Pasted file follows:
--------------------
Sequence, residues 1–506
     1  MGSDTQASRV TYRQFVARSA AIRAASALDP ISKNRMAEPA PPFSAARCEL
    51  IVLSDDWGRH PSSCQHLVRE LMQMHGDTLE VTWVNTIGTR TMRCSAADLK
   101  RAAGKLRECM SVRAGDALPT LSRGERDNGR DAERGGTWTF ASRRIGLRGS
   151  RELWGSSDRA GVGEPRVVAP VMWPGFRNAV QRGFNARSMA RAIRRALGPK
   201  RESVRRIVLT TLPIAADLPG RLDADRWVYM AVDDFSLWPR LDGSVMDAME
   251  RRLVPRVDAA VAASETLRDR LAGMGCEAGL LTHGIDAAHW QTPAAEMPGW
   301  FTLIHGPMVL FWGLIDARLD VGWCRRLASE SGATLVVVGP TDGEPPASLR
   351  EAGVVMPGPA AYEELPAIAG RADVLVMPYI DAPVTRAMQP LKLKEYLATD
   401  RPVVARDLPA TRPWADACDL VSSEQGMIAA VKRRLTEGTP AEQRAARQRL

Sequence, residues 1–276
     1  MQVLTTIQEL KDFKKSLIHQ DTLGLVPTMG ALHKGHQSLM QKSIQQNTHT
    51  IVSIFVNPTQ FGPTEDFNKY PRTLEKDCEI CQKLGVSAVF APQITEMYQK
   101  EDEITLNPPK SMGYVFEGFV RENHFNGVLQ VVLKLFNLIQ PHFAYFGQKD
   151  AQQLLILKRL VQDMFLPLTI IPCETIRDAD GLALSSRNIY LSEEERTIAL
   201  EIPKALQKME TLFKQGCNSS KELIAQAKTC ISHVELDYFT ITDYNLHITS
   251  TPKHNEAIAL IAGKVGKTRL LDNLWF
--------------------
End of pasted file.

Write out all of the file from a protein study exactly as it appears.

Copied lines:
Sequence, residues 1–506
     1  MGSDTQASRV TYRQFVARSA AIRAASALDP ISKNRMAEPA PPFSAARCEL
    51  IVLSDDWGRH PSSCQHLVRE LMQMHGDTLE VTWVNTIGTR TMRCSAADLK
   101  RAAGKLRECM SVRAGDALPT LSRGERDNGR DAERGGTWTF ASRRIGLRGS
   151  RELWGSSDRA GVGEPRVVAP VMWPGFRNAV QRGFNARSMA RAIRRALGPK
   201  RESVRRIVLT TLPIAADLPG RLDADRWVYM AVDDFSLWPR LDGSVMDAME
   251  RRLVPRVDAA VAASETLRDR LAGMGCEAGL LTHGIDAAHW QTPAAEMPGW
   301  FTLIHGPMVL FWGLIDARLD VGWCRRLASE SGATLVVVGP TDGEPPASLR
   351  EAGVVMPGPA AYEELPAIAG RADVLVMPYI DAPVTRAMQP LKLKEYLATD
   401  RPVVARDLPA TRPWADACDL VSSEQGMIAA VKRRLTEGTP AEQRAARQRL

Sequence, residues 1–276
     1  MQVLTTIQEL KDFKKSLIHQ DTLGLVPTMG ALHKGHQSLM QKSIQQNTHT
    51  IVSIFVNPTQ FGPTEDFNKY PRTLEKDCEI CQKLGVSAVF APQITEMYQK
   101  EDEITLNPPK SMGYVFEGFV RENHFNGVLQ VVLKLFNLIQ PHFAYFGQKD
   151  AQQLLILKRL VQDMFLPLTI IPCETIRDAD GLALSSRNIY LSEEERTIAL
   201  EIPKALQKME TLFKQGCNSS KELIAQAKTC ISHVELDYFT ITDYNLHITS
   251  TPKHNEAIAL IAGKVGKTRL LDNLWF